In spite of their secrecy about production methods, the Chinese eventually lost their monopoly on silk production. Knowledge of silk production methods reached Korea around 200 BC, when waves of Chinese immigrants arrived there. Shortly after 300 AD, it travelled westward, and the cultivation of the silkworm was established in India.
Around 550 AD silk production reached the Middle East. Records indicate that two monks from Constantinople (modern-day Istanbul), capital of the Byzantine Empire, appeared at their emperor’s court with silkworm eggs which they had obtained secretly, and hidden in their hollow bamboo walking sticks. Under their supervision the eggs hatched into worms, and the worms spun silk threads. Byzantium was in the silk business at last. The Byzantine church and state created imperial workshops, monopolising production and keeping the secret to themselves. This allowed a silk industry to be established, undercutting the market for ordinary-grade Chinese silk. However, high quality silk textiles, woven in China especially for the Middle Eastern market, continued to achieve high prices in the West, and trade along the Silk Road continued as before. By the sixth century the Persians, too, had mastered the art of silk weaving, developing their own rich patterns and techniques. But it wasn’t until the 13th century that Italy began silk production, with the introduction of 2,000 skilled silk weavers from Constantinople. Eventually, silk production became widespread throughout Europe.
World silk production has approximately doubled during the last 30 years in spite of manmade fibres replacing certain uses of silk. Before this period, China and Japan were the two main producers, together manufacturing more than 50 per cent of world production each year. After the late 1970s, however, China dramatically increased its silk production, and once again became the world’s leading producer.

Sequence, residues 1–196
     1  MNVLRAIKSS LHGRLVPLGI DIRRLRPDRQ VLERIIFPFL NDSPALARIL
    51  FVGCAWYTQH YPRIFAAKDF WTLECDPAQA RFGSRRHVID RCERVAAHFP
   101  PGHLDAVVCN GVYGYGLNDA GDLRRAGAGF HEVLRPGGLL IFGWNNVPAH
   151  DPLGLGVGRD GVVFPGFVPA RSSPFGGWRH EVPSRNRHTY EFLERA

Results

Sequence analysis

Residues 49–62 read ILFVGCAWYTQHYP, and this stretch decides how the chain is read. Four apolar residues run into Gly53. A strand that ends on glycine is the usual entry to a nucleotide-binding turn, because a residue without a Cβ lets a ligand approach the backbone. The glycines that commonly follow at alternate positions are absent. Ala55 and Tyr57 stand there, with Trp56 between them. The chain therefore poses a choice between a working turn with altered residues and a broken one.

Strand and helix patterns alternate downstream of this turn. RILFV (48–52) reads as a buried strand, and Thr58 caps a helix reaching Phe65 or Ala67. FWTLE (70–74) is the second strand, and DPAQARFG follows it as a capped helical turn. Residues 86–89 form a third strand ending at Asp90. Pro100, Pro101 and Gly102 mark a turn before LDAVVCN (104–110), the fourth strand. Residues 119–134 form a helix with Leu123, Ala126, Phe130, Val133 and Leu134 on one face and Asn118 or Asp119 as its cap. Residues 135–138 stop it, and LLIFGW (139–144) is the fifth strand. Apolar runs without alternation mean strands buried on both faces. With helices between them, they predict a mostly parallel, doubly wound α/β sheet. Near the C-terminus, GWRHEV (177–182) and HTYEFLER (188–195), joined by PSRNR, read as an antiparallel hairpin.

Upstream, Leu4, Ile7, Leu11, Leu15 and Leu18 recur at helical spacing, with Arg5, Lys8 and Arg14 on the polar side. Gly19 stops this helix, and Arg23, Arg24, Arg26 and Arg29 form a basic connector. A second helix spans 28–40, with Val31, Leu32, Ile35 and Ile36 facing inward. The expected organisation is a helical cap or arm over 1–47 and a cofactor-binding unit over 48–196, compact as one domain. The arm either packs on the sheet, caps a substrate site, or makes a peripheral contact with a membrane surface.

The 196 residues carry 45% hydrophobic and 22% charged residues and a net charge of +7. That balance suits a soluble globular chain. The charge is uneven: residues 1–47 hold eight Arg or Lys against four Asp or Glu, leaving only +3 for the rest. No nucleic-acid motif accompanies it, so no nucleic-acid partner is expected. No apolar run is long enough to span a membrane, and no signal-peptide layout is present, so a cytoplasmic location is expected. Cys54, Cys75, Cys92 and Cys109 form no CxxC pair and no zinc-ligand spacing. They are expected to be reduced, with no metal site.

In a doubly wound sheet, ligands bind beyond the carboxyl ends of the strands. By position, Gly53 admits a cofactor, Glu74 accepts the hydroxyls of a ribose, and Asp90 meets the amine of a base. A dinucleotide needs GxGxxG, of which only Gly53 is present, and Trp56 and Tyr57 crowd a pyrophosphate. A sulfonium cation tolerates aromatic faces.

Complete the notes below.
Choose ONE WORD ONLY from the passage for each answer.
Write your answers in boxes 1-7 on your answer sheet.
- at first, silk only available to Chinese of high rank
- emperor wore 1 _________ silk indoors
- silk items included parts of musical instruments, fishing strings and 2 _________
- silk was used as payment of 3 _________ as well as for wages and rewards
- silk replaced 4 _________ as a unit of value
- silk soon used as payment in 5 _________ trade
Evidence of silk trade
1070 BC, Egypt:
- hair of a 6 _________ contained silk
2nd century BC, Persia and Mesopotamia:
- gifts of silk were presented by Chinese ambassadors
1015 AD, north-west China:
- silk objects were hidden inside 7 _________
Do the following statements agree with the information given in Reading Passage 1?
In boxes 8-13 on your answer sheet, write
TRUE if the statement agrees with the information
FALSE if the statement contradicts the information
NOT GIVEN if there is no information on this
8 Their first sight of silk created fear among Roman soldiers.
9 The quality of Chinese silk imported by the early Romans varied widely.
10 The Byzantine emperor first acquired silkworm eggs from the Chinese emperor.
11 The price of high-grade Chinese silk fell due to competition from Middle-Eastern producers.
12 Silk was produced in the Middle East several centuries before it was produced in Europe.